Isn’t it interesting when “hip companies”-- like Starbucks and No Evil Foods in Asheville, North Carolina—face the prospect of unionization they begin to look more like old anti-union troglodyte Walmart than City Lights Bookstore?
The pro-union fuse that was lit among Starbucks workers in Buffalo, New York, recently has turned into a wildfire that’s spreading as far south as Knoxville, Tennessee, and Tallahassee, Florida, and as far west as Denver, Colorado. Union organizing is taking place at as many as 15 stores across the country.
Led by Labor South publisher Joe Atkins’ former student Jaz Brisack, Starbucks workers at one Buffalo shop voted union in December. Soon afterward, a pro-union election was announced at another Starbucks in the city. In early January, workers at one of the shops showed their new unity by walking off their jobs to protest the company’s lack of safety measures amid a COVID-19 surge in cases in the area.
Based in Seattle, Washington, Starbucks is a nationwide company—230,000 workers at upwards of 9,000 coffee shops—that prides itself on being a hip, swinging outfit as cool as its tasty coffee latte is hot. That’s its brand—cool and hip. Young staffers who are progressive “about climate change, fighting racism and (for) labor rights” and whose hero is Bernie Sanders are “the kinds of people the company has hired over the years to reinforce its progressive branding,” Noam Sheiber wrote in the New York Times this month.
Yet, the company definitely didn’t want a union in its midst. Like so many companies in today’s capitalism, it prefers to call its workers “partners”—hmmmm—and feels they don’t need a union to protect their rights. The company sent out officials and managers to one shop facing an election to observe and discuss unionization with the workers, an effort seen as threatening by some of the workers.
Pay and pensions are comparatively good at Starbucks. However, the union sympathizing baristas want “more input at work,” Sheiber wrote.
Compare the experience at Starbucks with that of the workers at No Evil Foods in Asheville, North Carolina. Labor South wrote about this very hip and cool vegan food company back in April 2020. This was a company with a leftist schtick, offering vegan meat products like Comrade Cluck and the chorizo-like El Zapatista. The owners called themselves “revolutionary leaders”.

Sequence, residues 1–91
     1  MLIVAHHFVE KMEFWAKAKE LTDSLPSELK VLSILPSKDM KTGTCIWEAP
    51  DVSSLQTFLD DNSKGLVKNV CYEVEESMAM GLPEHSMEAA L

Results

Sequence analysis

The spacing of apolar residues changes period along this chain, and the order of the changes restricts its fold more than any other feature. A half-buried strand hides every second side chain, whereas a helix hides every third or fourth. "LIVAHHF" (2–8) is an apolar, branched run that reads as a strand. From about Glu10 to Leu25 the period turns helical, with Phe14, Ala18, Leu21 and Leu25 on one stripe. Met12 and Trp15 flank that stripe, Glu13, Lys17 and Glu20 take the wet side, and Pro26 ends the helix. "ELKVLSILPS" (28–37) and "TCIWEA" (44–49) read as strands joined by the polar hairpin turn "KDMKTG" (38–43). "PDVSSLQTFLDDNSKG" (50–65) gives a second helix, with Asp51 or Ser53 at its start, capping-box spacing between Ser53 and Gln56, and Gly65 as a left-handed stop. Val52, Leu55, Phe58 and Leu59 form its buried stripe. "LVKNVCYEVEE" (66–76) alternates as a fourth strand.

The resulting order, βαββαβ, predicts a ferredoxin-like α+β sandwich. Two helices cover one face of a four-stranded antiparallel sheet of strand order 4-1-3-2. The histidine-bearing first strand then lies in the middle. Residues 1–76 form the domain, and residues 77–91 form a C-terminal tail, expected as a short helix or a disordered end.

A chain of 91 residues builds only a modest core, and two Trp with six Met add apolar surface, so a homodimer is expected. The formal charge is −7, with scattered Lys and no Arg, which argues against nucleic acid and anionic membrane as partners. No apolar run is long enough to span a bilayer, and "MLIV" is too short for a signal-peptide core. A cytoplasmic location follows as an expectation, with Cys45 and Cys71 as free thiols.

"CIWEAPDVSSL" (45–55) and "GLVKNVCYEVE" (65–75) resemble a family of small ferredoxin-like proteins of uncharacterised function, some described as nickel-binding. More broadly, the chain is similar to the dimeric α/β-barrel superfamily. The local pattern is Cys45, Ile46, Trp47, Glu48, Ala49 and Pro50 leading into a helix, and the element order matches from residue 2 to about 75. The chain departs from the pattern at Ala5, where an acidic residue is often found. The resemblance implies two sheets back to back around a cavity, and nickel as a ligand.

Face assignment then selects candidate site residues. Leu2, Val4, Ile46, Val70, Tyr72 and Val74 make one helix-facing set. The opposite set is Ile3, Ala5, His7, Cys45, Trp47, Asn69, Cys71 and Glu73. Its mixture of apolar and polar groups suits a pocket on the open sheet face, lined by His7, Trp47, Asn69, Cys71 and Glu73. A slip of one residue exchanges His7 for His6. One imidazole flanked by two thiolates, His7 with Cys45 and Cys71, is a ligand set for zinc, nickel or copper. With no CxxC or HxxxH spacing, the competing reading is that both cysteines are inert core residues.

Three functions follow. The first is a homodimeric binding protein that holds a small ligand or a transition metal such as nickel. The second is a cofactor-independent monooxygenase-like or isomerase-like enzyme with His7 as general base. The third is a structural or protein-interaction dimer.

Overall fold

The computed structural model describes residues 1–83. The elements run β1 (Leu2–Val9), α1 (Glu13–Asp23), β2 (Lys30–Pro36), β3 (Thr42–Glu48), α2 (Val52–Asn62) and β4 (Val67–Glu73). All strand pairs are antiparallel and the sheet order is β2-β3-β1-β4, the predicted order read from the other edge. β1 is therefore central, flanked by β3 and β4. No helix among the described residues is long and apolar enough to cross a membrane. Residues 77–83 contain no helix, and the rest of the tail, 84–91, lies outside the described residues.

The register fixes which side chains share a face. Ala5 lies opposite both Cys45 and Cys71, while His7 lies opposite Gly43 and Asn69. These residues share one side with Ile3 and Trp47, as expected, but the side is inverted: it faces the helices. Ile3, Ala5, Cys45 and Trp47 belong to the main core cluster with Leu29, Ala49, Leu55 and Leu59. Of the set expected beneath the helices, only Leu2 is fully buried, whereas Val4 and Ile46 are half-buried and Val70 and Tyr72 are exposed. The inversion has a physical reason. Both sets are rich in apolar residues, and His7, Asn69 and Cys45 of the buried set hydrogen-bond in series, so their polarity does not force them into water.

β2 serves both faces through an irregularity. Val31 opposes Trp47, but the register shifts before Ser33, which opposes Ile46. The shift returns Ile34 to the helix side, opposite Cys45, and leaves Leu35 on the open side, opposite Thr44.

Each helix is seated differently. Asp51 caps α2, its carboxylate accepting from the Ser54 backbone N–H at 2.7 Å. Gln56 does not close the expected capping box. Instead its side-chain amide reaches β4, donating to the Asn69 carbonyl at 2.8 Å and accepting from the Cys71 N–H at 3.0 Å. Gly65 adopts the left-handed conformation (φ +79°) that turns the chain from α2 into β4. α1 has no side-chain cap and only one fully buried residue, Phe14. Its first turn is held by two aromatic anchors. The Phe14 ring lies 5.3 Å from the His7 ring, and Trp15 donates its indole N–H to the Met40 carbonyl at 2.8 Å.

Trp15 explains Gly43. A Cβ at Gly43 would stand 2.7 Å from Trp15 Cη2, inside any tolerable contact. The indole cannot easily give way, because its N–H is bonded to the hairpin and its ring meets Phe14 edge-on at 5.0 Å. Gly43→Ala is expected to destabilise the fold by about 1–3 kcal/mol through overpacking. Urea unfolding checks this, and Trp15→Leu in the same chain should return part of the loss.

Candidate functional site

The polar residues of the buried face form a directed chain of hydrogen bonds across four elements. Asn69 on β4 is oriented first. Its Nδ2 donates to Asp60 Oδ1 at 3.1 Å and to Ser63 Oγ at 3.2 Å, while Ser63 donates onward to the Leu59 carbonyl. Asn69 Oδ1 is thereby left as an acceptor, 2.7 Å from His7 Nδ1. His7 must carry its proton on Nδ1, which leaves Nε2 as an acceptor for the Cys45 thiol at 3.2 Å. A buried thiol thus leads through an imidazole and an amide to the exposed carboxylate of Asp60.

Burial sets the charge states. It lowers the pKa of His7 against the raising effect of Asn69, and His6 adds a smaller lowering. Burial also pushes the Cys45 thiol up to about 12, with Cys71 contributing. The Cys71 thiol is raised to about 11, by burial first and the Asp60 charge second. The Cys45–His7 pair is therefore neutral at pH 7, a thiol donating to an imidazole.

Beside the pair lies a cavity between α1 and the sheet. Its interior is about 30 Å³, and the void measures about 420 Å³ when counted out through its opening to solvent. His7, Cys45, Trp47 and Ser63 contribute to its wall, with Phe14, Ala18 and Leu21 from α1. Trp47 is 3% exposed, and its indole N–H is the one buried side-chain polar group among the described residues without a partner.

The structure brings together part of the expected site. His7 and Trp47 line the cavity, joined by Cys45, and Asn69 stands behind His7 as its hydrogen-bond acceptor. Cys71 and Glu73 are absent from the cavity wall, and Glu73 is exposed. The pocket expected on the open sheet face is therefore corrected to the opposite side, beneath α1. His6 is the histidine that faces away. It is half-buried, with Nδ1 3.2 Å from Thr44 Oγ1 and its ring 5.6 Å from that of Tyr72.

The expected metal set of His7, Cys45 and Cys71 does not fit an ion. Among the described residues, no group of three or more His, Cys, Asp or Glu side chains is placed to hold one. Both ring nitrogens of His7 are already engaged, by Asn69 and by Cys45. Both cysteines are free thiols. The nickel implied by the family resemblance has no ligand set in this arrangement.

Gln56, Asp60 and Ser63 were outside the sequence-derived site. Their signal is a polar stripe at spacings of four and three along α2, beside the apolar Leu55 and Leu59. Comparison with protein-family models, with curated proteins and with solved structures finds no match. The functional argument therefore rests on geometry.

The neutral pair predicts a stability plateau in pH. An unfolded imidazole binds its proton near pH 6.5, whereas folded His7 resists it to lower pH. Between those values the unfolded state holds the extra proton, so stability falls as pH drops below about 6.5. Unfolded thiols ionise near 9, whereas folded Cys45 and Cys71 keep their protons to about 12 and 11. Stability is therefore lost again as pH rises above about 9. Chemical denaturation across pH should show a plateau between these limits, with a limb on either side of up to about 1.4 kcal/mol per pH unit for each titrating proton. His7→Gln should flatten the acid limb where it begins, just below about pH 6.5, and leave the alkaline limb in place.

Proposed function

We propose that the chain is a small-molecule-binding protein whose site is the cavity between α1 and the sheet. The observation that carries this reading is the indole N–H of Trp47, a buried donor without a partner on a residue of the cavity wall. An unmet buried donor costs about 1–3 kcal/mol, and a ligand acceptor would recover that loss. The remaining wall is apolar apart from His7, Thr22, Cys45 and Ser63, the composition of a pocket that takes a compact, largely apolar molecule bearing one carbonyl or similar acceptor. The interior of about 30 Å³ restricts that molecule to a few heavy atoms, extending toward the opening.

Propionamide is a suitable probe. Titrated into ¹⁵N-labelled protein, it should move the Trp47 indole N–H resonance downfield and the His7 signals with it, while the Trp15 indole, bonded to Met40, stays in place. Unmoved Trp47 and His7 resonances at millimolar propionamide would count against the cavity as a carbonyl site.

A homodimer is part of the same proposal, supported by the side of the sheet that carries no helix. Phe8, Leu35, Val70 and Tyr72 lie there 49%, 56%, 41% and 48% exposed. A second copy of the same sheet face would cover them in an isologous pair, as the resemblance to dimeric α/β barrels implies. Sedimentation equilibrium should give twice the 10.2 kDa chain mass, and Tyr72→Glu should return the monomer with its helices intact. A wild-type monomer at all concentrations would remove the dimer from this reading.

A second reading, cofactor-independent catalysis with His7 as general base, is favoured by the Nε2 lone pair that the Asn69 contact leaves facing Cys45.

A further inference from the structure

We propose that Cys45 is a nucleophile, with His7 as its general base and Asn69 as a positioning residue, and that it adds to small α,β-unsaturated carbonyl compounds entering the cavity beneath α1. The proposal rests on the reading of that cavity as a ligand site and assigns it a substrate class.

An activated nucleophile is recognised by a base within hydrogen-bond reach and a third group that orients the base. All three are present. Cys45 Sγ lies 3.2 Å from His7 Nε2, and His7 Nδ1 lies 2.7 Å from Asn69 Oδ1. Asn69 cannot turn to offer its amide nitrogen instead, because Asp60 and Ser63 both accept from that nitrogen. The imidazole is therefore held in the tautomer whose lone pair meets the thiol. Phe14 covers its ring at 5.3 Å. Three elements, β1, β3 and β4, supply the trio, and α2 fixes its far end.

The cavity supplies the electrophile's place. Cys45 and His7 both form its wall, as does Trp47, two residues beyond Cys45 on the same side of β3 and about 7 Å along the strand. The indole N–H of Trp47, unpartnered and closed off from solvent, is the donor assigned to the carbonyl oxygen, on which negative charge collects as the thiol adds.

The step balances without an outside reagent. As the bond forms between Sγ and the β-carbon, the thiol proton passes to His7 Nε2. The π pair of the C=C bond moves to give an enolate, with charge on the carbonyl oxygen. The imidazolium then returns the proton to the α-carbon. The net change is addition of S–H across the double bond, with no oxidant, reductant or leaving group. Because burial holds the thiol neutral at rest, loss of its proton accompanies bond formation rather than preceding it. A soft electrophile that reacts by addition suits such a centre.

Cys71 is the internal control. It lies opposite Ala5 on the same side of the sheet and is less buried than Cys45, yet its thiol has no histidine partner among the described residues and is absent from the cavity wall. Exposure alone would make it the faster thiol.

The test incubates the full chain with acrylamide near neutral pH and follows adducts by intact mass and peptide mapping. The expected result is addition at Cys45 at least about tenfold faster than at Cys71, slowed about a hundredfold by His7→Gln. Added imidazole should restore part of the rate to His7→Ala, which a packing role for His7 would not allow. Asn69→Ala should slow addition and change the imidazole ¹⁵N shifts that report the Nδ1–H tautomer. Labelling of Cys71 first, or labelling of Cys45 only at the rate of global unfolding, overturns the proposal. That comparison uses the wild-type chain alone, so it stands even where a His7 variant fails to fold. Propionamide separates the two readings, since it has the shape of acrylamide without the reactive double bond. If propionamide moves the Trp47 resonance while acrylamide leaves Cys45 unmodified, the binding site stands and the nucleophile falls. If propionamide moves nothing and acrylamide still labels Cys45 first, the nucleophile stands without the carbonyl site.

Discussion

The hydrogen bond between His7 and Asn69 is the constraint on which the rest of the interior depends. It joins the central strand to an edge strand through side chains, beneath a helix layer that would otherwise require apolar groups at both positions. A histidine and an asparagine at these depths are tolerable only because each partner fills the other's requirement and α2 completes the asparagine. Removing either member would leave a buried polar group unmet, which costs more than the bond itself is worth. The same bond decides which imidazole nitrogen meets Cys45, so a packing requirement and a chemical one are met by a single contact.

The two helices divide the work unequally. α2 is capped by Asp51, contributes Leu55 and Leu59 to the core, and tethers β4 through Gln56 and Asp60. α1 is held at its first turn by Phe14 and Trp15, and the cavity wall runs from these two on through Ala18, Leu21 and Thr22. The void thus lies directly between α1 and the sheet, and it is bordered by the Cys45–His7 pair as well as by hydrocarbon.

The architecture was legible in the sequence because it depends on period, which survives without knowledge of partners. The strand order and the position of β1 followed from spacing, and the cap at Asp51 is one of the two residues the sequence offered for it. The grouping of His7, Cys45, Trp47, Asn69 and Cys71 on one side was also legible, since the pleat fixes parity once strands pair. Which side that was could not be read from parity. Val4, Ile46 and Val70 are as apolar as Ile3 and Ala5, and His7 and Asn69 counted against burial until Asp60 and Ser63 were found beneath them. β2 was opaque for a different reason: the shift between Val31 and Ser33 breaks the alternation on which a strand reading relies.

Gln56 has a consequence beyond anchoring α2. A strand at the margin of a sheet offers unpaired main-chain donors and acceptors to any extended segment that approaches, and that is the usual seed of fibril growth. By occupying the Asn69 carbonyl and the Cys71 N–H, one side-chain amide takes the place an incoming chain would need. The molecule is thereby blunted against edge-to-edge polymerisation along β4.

When workers tried to unionize, No Evil Foods’ response was to hire the union-busting law firm of Constangy, Brooks, Smith and Prophete. That’s the kind of thing you’d expect from Walmart or that other old troglodyte of the past, J. P. Stevens, not from an outfit that sells El Zapatistas!
The union lost the vote, but workers did finally get the company to agree to give them “hazard pay” during the pandemic. The workers considered that a victory.
Sadly, No Evil Foods abruptly fired all of its Asheville workers in June 2021 after agreeing to partner with another company to stave off sharply declining revenues. Workers lost their pensions as well as their jobs.
“They preached all this stuff, but then when it came down to it … they were very, very cutthroat,” worker Mike Rapier to the Huffington Post.
Whether they’re in Silicon Valley or an old mill town in the Carolinas, companies in today’s world of capitalism aren’t that much different from the old top-down companies of the past. The bosses cling to their power like Old Man Potter in It’s A Wonderful Life, and they’ll be damned if they're going to allow some pesky union to muscle in.
Good things can come out of bad things. A good thing coming out of this pandemic is a growing consciousness among workers across the nation (and maybe the world) of their rights and of their need to band together to speak with a united voice that demands to be heard. That's what's really cool, and more power to them!